8 common mistakes in eCommerce design

8 eCommerce Website Design Mistakes

The way you design your eCommerce website can impact the results you get. Poorly designed websites turn people off and send them towards a competitor. It’s second only to your products in importance.

If we look at Internet Retailer, their studies claim US eCommerce will grow by 13% this financial year. If your sales aren’t showing the same positive signs of growth, make sure you aren’t making any of these common design mistakes.

1. Product Information

A lack of product information will always spell the end of any potential sale. If you haven’t left enough space for a detailed product description, you have a problem.

Most of the time, this happens due to an improper written content to image ratio. It’s simply a matter of making some more white space for yourself.

2. Lack of Legitimacy

Legitimacy in the online world is difficult to establish because there are so many websites. A fraud management company called Cyber Source conducted a study and concluded 85% of merchants surveyed expected fraud rates to stay level or grow in 2013.

The easiest way to make your customers feel confident in you is to have real contact information. This includes more than a cell phone number. Display your address clearly on every page of your website. Make it part of the menu bar for extra points.

3. No Search Bar

If you have lots of products, the last thing you want is anything resembling a list. Make it easy for people to find the products they need with a simple search bar. It doesn’t have to be anything detailed. Most people use the standard keyword search bar anyway.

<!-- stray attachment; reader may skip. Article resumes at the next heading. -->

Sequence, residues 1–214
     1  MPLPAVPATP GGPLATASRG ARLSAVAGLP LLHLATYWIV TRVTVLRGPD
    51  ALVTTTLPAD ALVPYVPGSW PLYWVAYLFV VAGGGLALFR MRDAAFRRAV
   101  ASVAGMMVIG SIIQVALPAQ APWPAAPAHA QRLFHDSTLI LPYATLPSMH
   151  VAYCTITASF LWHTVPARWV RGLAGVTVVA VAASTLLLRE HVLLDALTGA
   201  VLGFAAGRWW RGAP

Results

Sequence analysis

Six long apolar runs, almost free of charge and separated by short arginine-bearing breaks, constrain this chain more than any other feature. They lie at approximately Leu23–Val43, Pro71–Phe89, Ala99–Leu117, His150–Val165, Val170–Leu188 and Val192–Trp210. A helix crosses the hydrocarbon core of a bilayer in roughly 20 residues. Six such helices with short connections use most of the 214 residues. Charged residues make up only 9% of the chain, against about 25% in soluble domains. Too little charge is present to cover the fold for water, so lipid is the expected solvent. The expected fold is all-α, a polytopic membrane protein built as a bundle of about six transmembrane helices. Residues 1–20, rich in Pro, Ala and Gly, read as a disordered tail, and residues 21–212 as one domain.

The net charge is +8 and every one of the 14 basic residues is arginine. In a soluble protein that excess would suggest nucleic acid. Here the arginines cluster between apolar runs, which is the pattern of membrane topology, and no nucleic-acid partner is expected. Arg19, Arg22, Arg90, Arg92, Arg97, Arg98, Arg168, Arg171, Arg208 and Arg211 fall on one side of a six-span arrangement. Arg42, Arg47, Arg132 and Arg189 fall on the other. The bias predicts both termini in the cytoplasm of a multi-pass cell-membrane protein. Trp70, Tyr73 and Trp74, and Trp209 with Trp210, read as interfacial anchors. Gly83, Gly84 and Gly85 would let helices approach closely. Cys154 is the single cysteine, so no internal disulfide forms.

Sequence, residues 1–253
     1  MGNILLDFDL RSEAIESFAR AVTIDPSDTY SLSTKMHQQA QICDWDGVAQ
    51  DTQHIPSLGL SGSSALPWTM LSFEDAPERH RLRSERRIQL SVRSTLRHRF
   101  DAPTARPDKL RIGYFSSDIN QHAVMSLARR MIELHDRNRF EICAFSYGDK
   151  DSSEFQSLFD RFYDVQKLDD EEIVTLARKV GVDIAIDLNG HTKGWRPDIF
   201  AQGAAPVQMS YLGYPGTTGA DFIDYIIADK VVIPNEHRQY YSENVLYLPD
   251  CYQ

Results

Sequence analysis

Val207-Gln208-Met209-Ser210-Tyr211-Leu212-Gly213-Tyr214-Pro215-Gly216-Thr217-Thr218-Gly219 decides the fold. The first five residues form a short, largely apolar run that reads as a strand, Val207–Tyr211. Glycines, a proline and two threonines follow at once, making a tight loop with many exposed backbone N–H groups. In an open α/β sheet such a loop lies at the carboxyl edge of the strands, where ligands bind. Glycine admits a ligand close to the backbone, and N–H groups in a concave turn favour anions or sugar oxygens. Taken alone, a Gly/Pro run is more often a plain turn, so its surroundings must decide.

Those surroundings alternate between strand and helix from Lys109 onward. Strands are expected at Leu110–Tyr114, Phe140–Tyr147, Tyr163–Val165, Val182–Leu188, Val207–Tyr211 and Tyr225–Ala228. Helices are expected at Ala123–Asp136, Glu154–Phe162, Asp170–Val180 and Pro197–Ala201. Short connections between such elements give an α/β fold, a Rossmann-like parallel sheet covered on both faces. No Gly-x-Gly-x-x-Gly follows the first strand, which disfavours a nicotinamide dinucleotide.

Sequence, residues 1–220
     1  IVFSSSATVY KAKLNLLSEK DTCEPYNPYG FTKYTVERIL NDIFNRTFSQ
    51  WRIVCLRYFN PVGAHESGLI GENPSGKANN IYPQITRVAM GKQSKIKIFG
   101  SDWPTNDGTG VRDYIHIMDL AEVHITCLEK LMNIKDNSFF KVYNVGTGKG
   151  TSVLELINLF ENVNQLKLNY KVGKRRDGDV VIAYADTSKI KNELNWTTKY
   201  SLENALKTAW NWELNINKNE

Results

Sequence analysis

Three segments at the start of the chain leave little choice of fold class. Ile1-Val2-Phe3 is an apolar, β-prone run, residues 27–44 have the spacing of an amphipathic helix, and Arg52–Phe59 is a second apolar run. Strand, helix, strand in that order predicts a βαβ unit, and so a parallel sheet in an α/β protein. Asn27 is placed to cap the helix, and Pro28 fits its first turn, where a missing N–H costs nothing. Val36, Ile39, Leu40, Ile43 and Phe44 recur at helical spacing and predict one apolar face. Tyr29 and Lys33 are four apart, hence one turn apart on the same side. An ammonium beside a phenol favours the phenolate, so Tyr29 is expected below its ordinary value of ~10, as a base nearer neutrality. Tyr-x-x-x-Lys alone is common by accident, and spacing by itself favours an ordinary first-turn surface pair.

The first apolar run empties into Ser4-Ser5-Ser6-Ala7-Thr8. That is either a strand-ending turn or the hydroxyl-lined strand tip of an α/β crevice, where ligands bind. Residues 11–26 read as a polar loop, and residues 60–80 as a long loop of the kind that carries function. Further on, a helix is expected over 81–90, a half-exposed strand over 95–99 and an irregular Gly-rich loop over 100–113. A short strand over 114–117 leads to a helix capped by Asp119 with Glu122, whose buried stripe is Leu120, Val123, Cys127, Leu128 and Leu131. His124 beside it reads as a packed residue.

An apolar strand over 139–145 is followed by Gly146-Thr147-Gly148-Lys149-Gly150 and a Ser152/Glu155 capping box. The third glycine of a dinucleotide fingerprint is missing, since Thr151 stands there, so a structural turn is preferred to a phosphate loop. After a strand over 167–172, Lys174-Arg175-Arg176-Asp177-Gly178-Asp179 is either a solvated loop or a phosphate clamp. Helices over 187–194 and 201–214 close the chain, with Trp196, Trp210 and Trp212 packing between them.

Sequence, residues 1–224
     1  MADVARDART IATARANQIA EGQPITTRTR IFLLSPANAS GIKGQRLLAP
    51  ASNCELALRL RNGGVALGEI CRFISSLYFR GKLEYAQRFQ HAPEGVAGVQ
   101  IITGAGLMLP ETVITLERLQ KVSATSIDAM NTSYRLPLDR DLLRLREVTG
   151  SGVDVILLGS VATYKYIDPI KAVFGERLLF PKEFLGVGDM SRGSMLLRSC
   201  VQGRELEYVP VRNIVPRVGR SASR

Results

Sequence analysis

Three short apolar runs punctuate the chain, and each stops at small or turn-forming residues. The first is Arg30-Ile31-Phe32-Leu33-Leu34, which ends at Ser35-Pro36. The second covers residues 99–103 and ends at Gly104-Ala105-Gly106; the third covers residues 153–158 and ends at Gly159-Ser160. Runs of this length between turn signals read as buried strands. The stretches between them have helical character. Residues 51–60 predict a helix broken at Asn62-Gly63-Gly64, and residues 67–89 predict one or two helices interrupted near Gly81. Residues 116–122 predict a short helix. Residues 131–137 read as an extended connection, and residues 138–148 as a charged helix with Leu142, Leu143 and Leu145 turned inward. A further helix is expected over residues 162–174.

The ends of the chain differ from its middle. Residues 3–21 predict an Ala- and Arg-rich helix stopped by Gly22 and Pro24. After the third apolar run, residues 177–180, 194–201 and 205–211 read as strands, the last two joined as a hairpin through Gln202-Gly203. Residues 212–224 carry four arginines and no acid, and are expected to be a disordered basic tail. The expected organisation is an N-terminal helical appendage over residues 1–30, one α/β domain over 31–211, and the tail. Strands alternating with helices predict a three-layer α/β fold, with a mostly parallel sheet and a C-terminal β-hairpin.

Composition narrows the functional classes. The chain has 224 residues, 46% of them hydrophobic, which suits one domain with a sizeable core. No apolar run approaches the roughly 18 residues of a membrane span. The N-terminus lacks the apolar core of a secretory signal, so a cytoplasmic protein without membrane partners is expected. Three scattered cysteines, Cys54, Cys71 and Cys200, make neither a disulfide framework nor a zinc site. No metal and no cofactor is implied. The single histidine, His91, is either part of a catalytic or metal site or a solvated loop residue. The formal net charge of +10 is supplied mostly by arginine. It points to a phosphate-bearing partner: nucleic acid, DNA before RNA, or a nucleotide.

Install a simple search bar and make your site more functional. Customers will not waste time clicking and looking around for a product which you may or may not have.

Look at companies like batterystation.co.uk as a prime example of this. They have an obvious search bar highlighted by a bright color. Follow this example.

4. Following the Trends

The foundations of good eCommerce remain the same; making products visible, the buying process easy, and providing clear contact points. These trends are minor things which remain only for about a year, or even less.

Now look at the likes of eBay and Amazon. These designs have remained the same for many years. Constantly changing your designs to stick with the trends confuses your regular customers. Furthermore, not all new trends will necessarily resonate with the wider population.

5. Too Much Information

We want to showcase as many products as we can. This doesn’t mean you should assault customers with a barrage of things on the first page. You should make every effort to highlight only the most important products.

Sending too much information to your visitors at once will turn them off. It cheapens the user experience and makes every product less important.

6. Not Using Social Media

Social media bars should be displayed proudly on every website. Google has made it clear with updates like Panda and Hummingbird social media is here to stay. It will play a prominent role in the world of digital marketing from now on.

You can’t wield the full power of social media if you’re hiding the paths to your social media pages.

7. Checkout Process

You should have a maximum of three pages for the checkout process; not including the ‘Thank You’ page. Any more pages and you’re making the process long and arduous. It makes it increasingly likely they’ll abandon their purchase.

You should only ask for the information you need to process payments and deliver the item. Asking for lots of information for marketing purposes is only likely to make them suspicious and unwilling to continue.

8. Forcing an Account

Someone should only have to sign up for an account if they’re trying to buy something. Ideally, they won’t have to sign up for an account at all, unless they really want to. Some eCommerce sites force everyone to make an account.

You can’t bully anyone into doing this. If you don’t want to do something, you aren’t going to do it. The same thing applies to your target audience. Unless you’re selling something unique, there are always competitors offering a superior user experience.

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